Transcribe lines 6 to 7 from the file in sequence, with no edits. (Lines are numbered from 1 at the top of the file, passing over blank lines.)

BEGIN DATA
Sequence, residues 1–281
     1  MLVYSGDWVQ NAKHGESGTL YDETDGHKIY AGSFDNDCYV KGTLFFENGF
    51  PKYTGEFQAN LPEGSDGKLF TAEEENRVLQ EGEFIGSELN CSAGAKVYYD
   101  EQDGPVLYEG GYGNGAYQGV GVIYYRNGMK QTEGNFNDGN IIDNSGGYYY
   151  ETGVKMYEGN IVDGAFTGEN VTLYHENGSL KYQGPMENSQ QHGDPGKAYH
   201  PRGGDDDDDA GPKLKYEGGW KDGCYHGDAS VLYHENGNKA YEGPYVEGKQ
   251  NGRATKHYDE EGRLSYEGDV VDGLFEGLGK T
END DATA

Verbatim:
   201  PRGGDDDDDA GPKLKYEGGW KDGCYHGDAS VLYHENGNKA YEGPYVEGKQ
   251  NGRATKHYDE EGRLSYEGDV VDGLFEGLGK T